Designed to LEED Platinum standards, the new building is set to become one of the “greenest” student unions in the country.

The University of the District of Columbia (UDC), Washington’s only public higher education institution, will open its new Student Center today, with a celebration that features a ribbon cutting ceremony at 5 p.m. Located at the intersection of Connecticut Avenue and Van Ness Street, the building acts as a gateway to the UDC campus and new source of pride for more than 5,000 students. Designed by our Arlington office in association with DC-based Marshall Moya Design, the building is the centerpiece of a ten-year, campus-wide renovation aimed at establishing the university as a national model of sustainability while raising the school’s profile as a selective four-year university.

“This building is a symbol of where we want to be and what we want to represent in terms of our role with the District,” said UDC president, Ronald Mason Jr.

It’s state of the art. It’s attractive. It’s sustainable. And it’s in a location that gives us a face into the broader community.

The design goal for the student center was to create a building that serves as a figural place-maker to identify the university as well as adhere to the university’s high standards for sustainability. The architectural design is composed of a combination of masonry, glass and bronze metal that modulates between the institutional nature of the campus and the pedestrian nature of the street. A clock tower rises high above the building, marking a new urban square soon to be teaming with students.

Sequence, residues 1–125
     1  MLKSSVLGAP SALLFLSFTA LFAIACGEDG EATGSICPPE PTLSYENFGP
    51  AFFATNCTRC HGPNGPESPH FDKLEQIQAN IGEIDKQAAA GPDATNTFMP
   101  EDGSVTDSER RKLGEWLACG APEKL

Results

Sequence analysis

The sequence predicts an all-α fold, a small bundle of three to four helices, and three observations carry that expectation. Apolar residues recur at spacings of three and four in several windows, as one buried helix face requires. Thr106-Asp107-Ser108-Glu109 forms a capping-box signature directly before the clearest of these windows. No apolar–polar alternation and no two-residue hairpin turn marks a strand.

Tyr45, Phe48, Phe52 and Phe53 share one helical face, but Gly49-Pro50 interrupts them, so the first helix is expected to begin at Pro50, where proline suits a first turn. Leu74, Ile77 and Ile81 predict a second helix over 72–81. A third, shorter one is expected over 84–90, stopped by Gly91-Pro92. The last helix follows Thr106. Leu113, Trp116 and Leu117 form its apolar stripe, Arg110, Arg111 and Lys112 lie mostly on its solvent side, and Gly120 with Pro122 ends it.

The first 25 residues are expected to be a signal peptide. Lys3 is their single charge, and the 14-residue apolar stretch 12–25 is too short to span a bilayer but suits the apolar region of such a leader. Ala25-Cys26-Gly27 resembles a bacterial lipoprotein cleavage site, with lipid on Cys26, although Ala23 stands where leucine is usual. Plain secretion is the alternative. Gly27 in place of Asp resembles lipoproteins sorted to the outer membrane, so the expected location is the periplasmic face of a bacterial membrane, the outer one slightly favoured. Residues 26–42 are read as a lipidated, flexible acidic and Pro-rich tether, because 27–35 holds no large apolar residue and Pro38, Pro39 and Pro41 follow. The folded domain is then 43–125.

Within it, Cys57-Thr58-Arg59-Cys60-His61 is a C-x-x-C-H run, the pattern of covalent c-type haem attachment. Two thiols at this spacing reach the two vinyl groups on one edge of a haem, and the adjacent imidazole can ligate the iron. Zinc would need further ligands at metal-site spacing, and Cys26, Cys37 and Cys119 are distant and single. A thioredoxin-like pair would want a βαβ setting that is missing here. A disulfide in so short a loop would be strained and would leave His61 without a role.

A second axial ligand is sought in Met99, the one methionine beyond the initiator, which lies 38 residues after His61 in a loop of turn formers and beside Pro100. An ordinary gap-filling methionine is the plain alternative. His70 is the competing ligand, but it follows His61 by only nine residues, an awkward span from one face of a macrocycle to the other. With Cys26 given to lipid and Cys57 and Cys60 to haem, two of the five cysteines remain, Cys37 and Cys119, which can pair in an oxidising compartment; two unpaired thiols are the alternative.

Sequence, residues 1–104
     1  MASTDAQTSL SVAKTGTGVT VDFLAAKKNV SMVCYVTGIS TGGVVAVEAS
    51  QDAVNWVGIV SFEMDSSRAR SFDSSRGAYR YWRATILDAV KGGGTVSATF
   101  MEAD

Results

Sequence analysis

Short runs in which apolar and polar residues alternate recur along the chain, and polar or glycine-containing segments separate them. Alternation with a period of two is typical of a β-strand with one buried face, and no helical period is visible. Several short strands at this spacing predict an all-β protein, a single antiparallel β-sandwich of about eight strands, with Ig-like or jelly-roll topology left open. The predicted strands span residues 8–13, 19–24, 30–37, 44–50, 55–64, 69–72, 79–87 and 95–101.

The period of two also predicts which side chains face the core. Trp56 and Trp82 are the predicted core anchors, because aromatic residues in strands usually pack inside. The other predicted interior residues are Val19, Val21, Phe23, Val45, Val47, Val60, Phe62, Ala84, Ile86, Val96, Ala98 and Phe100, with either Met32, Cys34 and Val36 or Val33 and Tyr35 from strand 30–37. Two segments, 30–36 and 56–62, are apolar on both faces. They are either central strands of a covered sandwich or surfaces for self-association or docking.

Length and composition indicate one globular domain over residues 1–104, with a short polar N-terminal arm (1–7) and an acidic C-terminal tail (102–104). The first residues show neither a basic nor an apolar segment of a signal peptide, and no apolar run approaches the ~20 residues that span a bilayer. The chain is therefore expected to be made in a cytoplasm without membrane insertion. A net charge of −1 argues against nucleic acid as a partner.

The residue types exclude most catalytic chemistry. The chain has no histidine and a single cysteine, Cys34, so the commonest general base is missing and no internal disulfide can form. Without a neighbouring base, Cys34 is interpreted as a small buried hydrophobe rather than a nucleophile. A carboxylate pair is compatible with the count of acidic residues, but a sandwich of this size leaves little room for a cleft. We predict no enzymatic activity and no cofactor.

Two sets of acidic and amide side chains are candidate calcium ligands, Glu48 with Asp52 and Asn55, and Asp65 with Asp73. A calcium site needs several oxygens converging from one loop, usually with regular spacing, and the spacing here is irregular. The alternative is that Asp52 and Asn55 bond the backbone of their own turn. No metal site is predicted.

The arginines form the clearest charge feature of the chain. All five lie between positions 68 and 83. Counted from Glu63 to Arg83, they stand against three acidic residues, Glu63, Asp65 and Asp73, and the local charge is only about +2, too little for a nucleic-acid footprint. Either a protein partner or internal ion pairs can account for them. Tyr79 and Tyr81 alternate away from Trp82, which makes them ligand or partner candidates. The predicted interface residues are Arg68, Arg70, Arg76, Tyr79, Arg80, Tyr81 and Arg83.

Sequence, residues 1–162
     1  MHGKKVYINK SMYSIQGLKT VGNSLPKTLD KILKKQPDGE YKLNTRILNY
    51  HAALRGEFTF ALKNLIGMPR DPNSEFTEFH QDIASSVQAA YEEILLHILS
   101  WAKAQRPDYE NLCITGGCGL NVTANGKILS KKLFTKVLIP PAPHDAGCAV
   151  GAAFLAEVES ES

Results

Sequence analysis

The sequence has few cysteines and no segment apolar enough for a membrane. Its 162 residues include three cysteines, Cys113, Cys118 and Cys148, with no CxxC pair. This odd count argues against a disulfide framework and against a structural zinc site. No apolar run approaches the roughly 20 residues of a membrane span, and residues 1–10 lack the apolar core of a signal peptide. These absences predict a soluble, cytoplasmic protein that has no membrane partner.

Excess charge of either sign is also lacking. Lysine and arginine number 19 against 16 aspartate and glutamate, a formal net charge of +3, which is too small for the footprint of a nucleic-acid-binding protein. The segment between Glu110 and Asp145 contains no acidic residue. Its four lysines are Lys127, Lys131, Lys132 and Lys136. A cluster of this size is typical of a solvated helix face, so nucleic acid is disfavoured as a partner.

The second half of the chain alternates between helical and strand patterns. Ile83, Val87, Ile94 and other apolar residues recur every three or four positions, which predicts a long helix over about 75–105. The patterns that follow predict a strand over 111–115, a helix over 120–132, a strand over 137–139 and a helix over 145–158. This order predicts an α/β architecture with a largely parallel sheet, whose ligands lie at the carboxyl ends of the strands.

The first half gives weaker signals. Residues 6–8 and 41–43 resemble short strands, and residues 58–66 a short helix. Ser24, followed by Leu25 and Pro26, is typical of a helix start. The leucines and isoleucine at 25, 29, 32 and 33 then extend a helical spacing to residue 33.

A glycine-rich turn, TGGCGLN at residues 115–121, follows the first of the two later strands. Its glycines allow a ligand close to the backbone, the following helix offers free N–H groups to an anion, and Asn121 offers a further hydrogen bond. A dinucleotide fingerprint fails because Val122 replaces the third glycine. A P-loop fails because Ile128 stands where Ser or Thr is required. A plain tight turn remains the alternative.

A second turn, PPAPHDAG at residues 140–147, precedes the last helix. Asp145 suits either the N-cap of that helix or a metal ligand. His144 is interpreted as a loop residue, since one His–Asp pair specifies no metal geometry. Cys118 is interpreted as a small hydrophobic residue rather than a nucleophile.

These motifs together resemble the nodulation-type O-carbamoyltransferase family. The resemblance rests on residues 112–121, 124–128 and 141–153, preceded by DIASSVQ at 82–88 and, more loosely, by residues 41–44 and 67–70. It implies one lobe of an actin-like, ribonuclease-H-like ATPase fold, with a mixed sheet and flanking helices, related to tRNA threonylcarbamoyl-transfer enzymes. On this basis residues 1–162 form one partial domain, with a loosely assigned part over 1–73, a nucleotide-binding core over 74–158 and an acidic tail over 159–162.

Sustainable design features are woven throughout the student center, including a 14,000 SF green roof; photovoltaic panels; an expansive rain garden; toilets that flush with captured rain water; and locally sourced, reclaimed and recycled materials. The building is positioned to be the the first LEED Platinum student union on the east coast and only one of two in the entire country.

Inside, the 96,000 SF project houses areas for campus life, student government, career services and other student support functions, in addition to mixed-use retail, a conference center and ballroom, and a 10,000 SF fitness and wellness center. Spaces are designed to encourage students to plug in and focus on academics, as well as to interact with peers they might not otherwise get the chance to meet.

Like many urban universities, UDC has traditionally been a commuter campus—meaning students went to class and then went home

said Roland Lemke, design leader in our Arlington office. “The new student center seeks to change that by giving students a reason to stay and linger and engage with the university outside of the classroom. These campus life experiences have proven to be key contributors to a student’s academic success.”

A UDC alumnus, project co-designer Michael Marshall said,

“I am so grateful for the opportunity to help shape the future of this important institution in our nation’s capital for today’s students and for future generations who deserve a public university of the highest caliber.” Marshall began his studies at UDC in 1975, when it was a two-year institution, before going on to finish his studies at Catholic University and Yale.

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